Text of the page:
Who Stole Mexico’s Corn — and Jobs?

As the two presidential candidates square off over immigration reform and Romney touts measures like Arizona’s draconian “papers please” law as models, it might be a good time to examine one of the major reasons for illegal immigration: U.S. trade policy.

People of the Corn

Mexicans have long been the people of the corn. Festivals revolve around maize. A meal without corn is like an Asian meal without rice – incomplete.

With 10,000 years of experience breeding different maize varieties, Mexican farmers know corn. They have developed varieties that are nutritious, flavorful and suited for the country’s many different environments.

Some varieties of maize make better meal for tortillas and tamales. The kernels of others add flavor to salsas and soups. Some are bright yellow, while others are red, blue, orange or multi-colored. Some are short and stubby. Others are long and tapered.

Corn and cultural identity are inseparable for Mexico. A fascinating study published in 2004 even links ethnolinguistic diversity with crop diversity.

Along Came Free Trade

Free trade has had a devastating impact on that culture. First came the General Agreement on Tariffs and Trade (GATT) in 1987. In 1994, Mexico joined the Organization for Economic Cooperation and Development (OECD). The same year it became an equal partner in the North American Free Trade Agreement (NAFTA).

Before the trade agreements, Mexico satisfied its own corn market, as it had for centuries. Then highly subsidized U.S. corn began flooding into the country.

By the time Gisele Henriques and Raj Patel wrote their policy brief on the impact of trade liberalization in 2003, the big picture looked deceptively good. Between 1981 and 2001, Mexico’s exports had increased significantly.

The opposite was true for subsistence farmers, who had been growing 45 percent of the country’s corn. Even in their local markets they could not compete with cheap U.S. corn.

Between 1984 and 1993, corn imports from the U.S. quadrupled, capturing 15 percent of the market. By 2008 the U.S. was supplying 40 percent of the corn sold in Mexico, according to “Exporting Obesity,” a new report from the Institute for Agriculture and Trade Policy (IATP).

Between 1997 and 2005, the U.S. sold corn into Mexico at a cost that was 19 percent lower than the cost of production. Timothy Wise, Research Director of the Global Development and Environment Institute at Tufts University, told Real News that in that same period NAFTA was costing Mexican farmers an average $1.4 billion a year. While Mexican farmers were staggering under NAFTA, the big grain traders such as Cargill and Archer Daniels Midland were raking in profits.

Next: Free Trade, Immigration and the Presidential Election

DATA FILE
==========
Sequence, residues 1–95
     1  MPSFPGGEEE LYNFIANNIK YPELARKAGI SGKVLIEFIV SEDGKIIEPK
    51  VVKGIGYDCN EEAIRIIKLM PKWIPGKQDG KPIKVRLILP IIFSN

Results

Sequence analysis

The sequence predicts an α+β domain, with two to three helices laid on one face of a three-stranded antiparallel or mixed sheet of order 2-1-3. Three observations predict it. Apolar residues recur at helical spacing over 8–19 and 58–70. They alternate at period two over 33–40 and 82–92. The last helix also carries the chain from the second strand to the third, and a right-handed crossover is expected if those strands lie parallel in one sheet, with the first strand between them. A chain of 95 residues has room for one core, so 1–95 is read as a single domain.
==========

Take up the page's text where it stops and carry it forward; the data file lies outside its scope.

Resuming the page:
Mexicans had had enough. In 2009 a campaign to protect the country’s food sovereignty wrote to President Obama asking that NAFTA be renegotiated. “Sin Maíz No Hay País…Y el frijol Tampoco,” or “Without Corn There is No Country… and Not without Beans Either,” detailed the negative impacts of free trade. Among them:

  • Massive rural unemployment caused by U.S. dumping
  • Tripling of emigration to the States
  • Loss of the country’s food self-sufficiency
  • Ten-fold increase in the price of a basket of food over the 15 years of NAFTA
  • Rising inequality
  • Contamination by Monsanto’s genetically modified corn
  • Environmental destruction

That brings us to the 2012 election. Migration has slowed because of a weak U.S. jobs market, heightened border enforcement, a rise in deportations, growing dangers of illegal border crossings, lower birth rates in Mexico and economic conditions in that country. However, the problems detailed in the letter to President Obama remain, as do millions of undocumented immigrants, and the U.S. needs to take responsibility for its part in creating them.

Mexicans love their country as much as North Americans love theirs. Millions have risked flight northward because of situations they did not create. Trade policies and major agricultural companies bear significant responsibility for forcing many of them off their land.

Republicans and Democrats are proposing very different immigration reforms. The GOP wants to deport all 11.5 undocumented immigrants, while the Democrats are suggesting a more practical and humanitarian approach.

Economic and humanitarian issues are critical and complex components that should underlie any immigration reform. There are also economic fallouts. Think Progress has created an infographic that shows the Republicans’ punitive plan will cost the country billions.